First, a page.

of the nest are also found, unenclosed, in the retiform tissue of the follicle, and
occasionally attain a large size (giant-cells). The concentric corpuscles are vestiges of
the original epithelial tube which is found in the developing thymus (see Vol. I., Pt. 1,



p. 111). According to some authorities the thymus corpuscles
are also of epithelial (i.e., hypoblastic) origin, and are not derived
as has usually been believed, from the surrounding mesoblastic
tissue. Small portions of thymus tissue are constantly found,
according to Kohn, in association with the thyroid and para-
thyroids. Schaffer describes in the thymus nucleated red blood
corpuscles like those met with in bone-marrow.

The retrogressive development of the gland is accompanied by an increase in the
interstitial connective tissue, which also invades the follicles. In this tissue plasma-
cells become accumulated, and then appear to be eventually transformed into fat-
cells, the normal structure of the thymus becoming gradually obliterated. It has
been shown, however, by Waldeyer, that even in advanced age not only can the
original shape of the thymus be distinctly made out, but that in addition there are
constantly to be found traces of its original structure in the form of small masses
of thymus corpuscles and even of concentric corpuscles.

Vessels and Nerves. The arteries of the thymus are derived from various
sources, viz., from the internal mammary, the inferior and superior thyroid, the
subclavian and carotid arteries. Their branches penetrate to the follicles, where
they form a plexus which surrounds the cortex and from which capillaries converge
towards the medulla. In some animals these vessels loop back towards the cortex,
but in others they open into an inner vascular circle which lies just within the
boundary of the medulla. The veins, for the most part, open into the left
innominate vein.

The lymphatics are large. According to the observations of His on the calf, the
larger blood-vessels passing to the centre are each accompanied by two or more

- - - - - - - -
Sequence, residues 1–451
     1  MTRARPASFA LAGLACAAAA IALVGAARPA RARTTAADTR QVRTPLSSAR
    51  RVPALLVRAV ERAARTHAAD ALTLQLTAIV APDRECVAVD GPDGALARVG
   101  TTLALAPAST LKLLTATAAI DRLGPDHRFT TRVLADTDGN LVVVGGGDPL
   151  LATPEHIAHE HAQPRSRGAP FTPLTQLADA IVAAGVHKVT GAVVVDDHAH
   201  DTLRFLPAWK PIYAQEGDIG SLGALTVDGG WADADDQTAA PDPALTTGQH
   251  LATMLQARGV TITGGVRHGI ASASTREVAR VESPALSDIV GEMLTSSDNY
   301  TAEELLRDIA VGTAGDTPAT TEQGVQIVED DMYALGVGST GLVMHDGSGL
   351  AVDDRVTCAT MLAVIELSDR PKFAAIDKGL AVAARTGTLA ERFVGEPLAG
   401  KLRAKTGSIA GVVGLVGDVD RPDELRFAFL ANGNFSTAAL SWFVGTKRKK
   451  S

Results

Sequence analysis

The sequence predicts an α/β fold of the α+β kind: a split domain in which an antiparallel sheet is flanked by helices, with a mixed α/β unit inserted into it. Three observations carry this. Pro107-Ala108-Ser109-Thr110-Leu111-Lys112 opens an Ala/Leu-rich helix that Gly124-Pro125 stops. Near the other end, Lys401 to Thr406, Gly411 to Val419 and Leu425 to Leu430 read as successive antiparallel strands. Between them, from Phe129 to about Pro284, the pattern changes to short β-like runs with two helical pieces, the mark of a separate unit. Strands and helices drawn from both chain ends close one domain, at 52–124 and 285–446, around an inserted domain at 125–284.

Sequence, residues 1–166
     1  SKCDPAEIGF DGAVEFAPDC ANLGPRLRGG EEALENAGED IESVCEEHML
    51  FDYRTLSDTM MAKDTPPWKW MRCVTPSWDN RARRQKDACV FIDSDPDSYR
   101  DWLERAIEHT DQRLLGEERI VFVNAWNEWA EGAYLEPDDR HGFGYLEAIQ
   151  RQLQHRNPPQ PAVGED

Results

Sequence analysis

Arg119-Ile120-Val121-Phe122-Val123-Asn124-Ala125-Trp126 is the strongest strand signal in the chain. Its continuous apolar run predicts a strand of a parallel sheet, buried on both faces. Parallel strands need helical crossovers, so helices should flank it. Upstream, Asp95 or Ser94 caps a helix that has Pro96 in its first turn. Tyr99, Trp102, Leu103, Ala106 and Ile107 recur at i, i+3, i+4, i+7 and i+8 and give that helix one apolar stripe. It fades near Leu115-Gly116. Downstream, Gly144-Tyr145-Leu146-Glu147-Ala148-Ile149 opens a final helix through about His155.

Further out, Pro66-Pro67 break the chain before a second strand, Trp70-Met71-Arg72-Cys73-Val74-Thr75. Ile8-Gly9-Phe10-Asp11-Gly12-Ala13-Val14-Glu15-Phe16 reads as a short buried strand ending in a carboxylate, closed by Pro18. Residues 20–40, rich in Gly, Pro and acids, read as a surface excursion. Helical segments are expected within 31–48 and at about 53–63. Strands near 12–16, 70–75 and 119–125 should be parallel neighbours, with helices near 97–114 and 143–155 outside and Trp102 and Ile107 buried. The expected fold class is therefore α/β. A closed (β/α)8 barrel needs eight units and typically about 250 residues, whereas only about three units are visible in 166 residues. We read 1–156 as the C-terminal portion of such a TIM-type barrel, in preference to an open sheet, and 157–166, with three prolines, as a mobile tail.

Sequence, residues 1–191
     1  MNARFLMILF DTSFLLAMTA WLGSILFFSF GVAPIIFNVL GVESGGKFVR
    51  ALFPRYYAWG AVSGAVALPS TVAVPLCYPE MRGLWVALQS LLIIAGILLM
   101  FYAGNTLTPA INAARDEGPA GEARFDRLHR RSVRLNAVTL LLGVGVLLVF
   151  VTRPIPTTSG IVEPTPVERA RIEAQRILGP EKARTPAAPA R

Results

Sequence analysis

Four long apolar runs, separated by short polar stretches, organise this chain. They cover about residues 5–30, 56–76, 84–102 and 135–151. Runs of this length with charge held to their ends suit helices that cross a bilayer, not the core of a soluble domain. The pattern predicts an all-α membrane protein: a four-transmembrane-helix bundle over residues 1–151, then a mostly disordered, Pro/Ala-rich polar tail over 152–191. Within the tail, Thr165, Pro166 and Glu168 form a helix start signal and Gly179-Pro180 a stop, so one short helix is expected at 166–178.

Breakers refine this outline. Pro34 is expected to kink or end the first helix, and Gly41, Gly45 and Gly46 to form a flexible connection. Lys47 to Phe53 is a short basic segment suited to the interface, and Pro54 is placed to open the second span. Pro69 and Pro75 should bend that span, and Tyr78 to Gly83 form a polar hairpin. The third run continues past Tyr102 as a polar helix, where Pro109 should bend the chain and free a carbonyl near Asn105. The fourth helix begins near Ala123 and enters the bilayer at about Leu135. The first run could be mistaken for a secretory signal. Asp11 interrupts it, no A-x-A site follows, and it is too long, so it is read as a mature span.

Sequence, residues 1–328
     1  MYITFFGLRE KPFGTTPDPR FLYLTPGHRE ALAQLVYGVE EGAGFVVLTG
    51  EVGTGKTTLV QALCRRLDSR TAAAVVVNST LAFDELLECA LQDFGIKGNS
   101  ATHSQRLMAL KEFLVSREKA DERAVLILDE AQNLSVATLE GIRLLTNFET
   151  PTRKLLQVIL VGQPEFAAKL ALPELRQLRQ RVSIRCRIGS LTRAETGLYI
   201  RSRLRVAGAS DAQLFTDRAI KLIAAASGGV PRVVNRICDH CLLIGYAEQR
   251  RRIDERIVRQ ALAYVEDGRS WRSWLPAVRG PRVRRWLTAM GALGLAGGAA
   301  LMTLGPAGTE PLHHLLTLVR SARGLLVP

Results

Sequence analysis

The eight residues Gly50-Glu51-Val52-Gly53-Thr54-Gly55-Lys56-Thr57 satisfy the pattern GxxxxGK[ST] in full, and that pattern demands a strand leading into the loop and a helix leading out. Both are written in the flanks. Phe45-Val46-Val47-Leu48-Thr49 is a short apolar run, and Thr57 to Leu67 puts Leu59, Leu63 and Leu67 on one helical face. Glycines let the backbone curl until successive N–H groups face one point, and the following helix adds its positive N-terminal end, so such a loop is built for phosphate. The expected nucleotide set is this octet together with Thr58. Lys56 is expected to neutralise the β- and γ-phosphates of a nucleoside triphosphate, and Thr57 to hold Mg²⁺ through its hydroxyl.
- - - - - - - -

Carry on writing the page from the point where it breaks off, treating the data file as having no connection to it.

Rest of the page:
lymphatic trunks. These arise from an interlobular plexus, which again is in
connection with vessels which surround and enclose the individual follicles without
penetrating them (as in those of the intestine).

The nerves are very minute. Haller thought that they were partly derived from
the phrenic nerves, but according to Cooper, no filaments from these nerves go into
the gland, although they reach the investing capsule, as does also a branch from the
descendens nypoglossi. Small filaments, derived from the pneumo-gastric and sympa-
thetic nerves, descend, on the thyroid body, to the upper part of the thymus.
Sympathetic nerves also reach the gland along its various arteries.


Beard, J. , The development and probable function of the thymus, Anat. Anzeiger, Bd. ix., 1894.

Capobianco, Contrib. ft la morphol. du thymus, Arch. ital. de biol., xvii., 1892.

Flemming-. "W., Die ZellvermehruHg in d. Lymphdriisen u. verwand. Onjanen, <L-c., Arch. f.
mikr. Anat., xxiv., 1885.

Qulland, The development of adipose tissue with especial, reference to the tonsil and thymus,
Labor. Reports of the R. Coll. of Physicians of Edinburgh, vol. iii. , 1891.

Moiiguidl, C., Sulla glandola timo, Parma, 1885.


Schaffer, Josef, Uebcr das Vorkommen eosinopkiler Zdlen in der menschlifJien Thymus,